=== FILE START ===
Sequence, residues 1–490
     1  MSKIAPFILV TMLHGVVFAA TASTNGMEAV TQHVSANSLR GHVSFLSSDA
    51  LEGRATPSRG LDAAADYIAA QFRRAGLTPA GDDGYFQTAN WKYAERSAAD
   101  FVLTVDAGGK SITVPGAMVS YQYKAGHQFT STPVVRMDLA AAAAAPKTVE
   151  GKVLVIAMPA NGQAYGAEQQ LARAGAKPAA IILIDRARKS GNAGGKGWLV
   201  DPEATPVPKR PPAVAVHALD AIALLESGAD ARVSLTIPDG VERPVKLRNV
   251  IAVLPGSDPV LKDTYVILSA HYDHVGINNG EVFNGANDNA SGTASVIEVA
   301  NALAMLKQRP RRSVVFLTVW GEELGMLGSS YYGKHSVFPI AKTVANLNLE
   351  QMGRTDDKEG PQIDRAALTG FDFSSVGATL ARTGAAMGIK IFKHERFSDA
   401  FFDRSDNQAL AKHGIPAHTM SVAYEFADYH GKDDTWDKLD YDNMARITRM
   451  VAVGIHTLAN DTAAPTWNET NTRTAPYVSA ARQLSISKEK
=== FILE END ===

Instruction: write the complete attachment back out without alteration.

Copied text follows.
Sequence, residues 1–490
     1  MSKIAPFILV TMLHGVVFAA TASTNGMEAV TQHVSANSLR GHVSFLSSDA
    51  LEGRATPSRG LDAAADYIAA QFRRAGLTPA GDDGYFQTAN WKYAERSAAD
   101  FVLTVDAGGK SITVPGAMVS YQYKAGHQFT STPVVRMDLA AAAAAPKTVE
   151  GKVLVIAMPA NGQAYGAEQQ LARAGAKPAA IILIDRARKS GNAGGKGWLV
   201  DPEATPVPKR PPAVAVHALD AIALLESGAD ARVSLTIPDG VERPVKLRNV
   251  IAVLPGSDPV LKDTYVILSA HYDHVGINNG EVFNGANDNA SGTASVIEVA
   301  NALAMLKQRP RRSVVFLTVW GEELGMLGSS YYGKHSVFPI AKTVANLNLE
   351  QMGRTDDKEG PQIDRAALTG FDFSSVGATL ARTGAAMGIK IFKHERFSDA
   401  FFDRSDNQAL AKHGIPAHTM SVAYEFADYH GKDDTWDKLD YDNMARITRM
   451  VAVGIHTLAN DTAAPTWNET NTRTAPYVSA ARQLSISKEK